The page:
03/18/2010 05:12 am ET Updated May 25, 2011

Knife in the Auteur

I don't mean to scratch open an old wound here (well, maybe I do), but I wanted to take advantage of the present calm in the Polanski business to underscore a point that seems to have gotten lost in the endless backandforthing.

Roman Polanski is arguably the world's greatest living filmmaker. Who else, since Hitchcock, has managed to mine terror from the most seemingly innocuous sources? There have been others (the director Michael Haneke, for instance, has proven himself a nimble sadist), but few have matched Polanski's record - and it goes far beyond Chinatown (1974) and The Pianist (2002).


Try to remember with me: In Rosemary's Baby (1968) we got nervous just from watching a shot of an empty hallway. What, on the surface, could be more innocent than that? In Tess (1979), a silent, long take, held past its breaking point, became the source of almost unbearable tension. And in Repulsion (1965), we were so aligned with Catherine Deneuve's disintegration, nearly everything Polanski showed us, no matter how quotidian, was transformed (often in our own minds) into a picture of pure hell.

Anyone could give an audience the heebie-jeebies with a hard cut to a rotting corpse, or tremble violins for the desired effect, but only Polanski traffics in -- if you forgive the cliché -- true psychological horror. The phrase has been so abused, it's hard to know what it means anymore, which is why I've been struggling - so please bear with me -- to evince a definition that may help to shed some light on Polanski's unique gift.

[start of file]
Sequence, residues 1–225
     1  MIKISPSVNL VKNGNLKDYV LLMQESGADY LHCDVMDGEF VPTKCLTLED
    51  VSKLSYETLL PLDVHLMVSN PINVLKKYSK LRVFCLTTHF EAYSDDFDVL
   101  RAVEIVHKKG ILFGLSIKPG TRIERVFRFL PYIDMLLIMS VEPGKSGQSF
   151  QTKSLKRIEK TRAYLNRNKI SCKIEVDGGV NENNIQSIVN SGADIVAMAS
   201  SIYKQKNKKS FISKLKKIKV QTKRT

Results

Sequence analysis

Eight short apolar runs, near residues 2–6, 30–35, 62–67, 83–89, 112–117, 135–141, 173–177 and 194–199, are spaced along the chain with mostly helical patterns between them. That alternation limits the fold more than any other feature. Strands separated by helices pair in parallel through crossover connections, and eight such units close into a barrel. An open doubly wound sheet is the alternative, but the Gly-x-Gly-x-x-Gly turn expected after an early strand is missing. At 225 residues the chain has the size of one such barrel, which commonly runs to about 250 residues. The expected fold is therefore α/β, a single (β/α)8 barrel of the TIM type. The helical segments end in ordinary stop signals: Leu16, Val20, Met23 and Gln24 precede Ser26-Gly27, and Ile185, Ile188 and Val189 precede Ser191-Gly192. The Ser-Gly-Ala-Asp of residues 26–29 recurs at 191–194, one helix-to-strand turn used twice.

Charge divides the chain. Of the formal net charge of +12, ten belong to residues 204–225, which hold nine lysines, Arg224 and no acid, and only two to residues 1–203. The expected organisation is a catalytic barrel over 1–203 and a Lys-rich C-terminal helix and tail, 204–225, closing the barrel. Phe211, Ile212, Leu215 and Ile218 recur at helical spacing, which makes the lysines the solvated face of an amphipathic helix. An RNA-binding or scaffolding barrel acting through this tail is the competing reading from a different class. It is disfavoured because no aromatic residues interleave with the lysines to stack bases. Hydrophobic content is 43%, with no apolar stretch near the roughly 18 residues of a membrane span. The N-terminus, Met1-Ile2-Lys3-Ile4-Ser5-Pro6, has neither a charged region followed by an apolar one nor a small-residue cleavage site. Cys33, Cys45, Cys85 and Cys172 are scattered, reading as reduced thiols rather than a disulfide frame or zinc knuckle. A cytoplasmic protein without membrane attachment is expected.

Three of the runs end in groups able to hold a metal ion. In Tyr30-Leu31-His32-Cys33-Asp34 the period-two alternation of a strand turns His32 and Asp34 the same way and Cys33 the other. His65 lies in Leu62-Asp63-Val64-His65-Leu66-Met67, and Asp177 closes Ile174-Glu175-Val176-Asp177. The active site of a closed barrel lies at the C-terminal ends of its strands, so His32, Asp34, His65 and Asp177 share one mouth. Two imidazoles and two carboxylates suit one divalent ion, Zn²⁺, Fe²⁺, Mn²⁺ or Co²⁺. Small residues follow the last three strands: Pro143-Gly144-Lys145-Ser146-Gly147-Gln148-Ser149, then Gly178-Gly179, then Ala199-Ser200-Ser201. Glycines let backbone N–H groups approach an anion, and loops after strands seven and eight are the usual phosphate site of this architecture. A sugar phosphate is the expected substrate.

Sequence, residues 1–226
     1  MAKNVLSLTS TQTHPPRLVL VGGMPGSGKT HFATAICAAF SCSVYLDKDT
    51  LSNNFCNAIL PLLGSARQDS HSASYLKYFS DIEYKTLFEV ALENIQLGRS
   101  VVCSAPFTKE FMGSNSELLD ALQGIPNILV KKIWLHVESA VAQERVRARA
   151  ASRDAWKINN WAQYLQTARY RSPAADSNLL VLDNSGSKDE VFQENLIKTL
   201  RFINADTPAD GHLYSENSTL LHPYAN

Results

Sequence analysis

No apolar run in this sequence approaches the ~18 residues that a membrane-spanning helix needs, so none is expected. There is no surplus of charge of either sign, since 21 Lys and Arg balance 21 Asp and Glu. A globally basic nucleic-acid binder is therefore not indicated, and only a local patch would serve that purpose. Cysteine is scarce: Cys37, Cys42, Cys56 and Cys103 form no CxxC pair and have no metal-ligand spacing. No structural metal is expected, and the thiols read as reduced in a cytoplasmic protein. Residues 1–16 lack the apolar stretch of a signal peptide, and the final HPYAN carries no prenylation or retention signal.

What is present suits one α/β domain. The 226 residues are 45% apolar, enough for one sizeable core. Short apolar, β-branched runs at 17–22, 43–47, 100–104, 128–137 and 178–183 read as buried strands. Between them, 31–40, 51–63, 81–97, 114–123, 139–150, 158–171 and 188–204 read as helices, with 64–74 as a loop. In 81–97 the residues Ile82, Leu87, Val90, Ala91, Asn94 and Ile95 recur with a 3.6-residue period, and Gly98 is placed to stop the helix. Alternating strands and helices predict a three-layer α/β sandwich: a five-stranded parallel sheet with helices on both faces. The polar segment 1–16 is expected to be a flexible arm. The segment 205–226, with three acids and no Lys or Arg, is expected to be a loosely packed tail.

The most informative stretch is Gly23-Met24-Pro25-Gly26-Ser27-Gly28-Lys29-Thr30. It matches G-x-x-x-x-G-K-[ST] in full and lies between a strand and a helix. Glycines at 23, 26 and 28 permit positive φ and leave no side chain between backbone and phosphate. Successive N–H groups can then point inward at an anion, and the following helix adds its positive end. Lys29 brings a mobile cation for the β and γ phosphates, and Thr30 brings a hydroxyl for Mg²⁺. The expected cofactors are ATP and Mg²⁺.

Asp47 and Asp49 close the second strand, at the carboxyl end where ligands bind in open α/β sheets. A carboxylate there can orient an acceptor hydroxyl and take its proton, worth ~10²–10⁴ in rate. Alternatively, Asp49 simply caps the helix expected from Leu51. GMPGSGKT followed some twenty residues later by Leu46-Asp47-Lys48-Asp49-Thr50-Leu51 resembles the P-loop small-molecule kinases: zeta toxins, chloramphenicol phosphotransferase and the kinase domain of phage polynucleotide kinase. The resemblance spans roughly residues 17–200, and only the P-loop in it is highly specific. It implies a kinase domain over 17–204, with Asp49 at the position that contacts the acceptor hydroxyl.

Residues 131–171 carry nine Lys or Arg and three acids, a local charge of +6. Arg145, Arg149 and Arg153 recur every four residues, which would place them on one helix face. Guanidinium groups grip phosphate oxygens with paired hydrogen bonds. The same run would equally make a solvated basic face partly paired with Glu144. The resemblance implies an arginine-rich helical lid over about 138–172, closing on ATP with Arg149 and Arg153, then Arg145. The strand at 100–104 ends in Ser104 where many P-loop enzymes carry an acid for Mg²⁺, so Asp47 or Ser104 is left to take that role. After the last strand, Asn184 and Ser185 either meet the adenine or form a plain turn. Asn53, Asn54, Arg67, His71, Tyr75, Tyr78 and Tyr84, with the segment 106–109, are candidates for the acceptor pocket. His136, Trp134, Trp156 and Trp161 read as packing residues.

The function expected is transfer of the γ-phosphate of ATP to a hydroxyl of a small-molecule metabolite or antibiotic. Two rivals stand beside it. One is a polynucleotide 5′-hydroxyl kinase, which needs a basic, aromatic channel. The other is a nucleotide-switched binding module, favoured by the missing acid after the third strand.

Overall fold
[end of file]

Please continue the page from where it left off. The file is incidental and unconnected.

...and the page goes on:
One horror is explicit, overt. Think of an eviscerated body, a knife in an eye. These aren't psychological; they occur literally, on the screen in pictures. Not that there's anything wrong with that. I get a big kick out of blood, just like anyone else. But Polanski, at his best, is after more than just kicks. His preferred métier is imagined horror; he wants us to feel as his characters feel, to fear as they fear, and as such, he doesn't torture us with props or makeup or convenient, short-hand symbols of terror, but with inference, with pictures of what we cannot see. After all, what does terror actually look like? Often, in the most dire of circumstances, it's nothing more than empty space. It may not have a face, or even a body. That kind of torture, true torture, is the kind we can never escape because it's the kind that lives not in reality, but in our heads. And in Polanski pictures like The Tenant (1976), it's everywhere.

Still not sure? Go out and rent Polanski's first feature film, Knife in the Water (1962), and you will see that the director's turns of the screw are so imperceptibly slight, you might find yourself questioning your own grasp of what you're seeing. "Is that character really thinking that?" you might think, "Or do I just think he's thinking it?" In most cases you won't know for sure, but that's why they call it paranoia.

What I mean to say is, should you find yourself with an empty Netflix queue and a rogue cursor drifting toward the Polanksi button, go ahead and click with a clear conscience.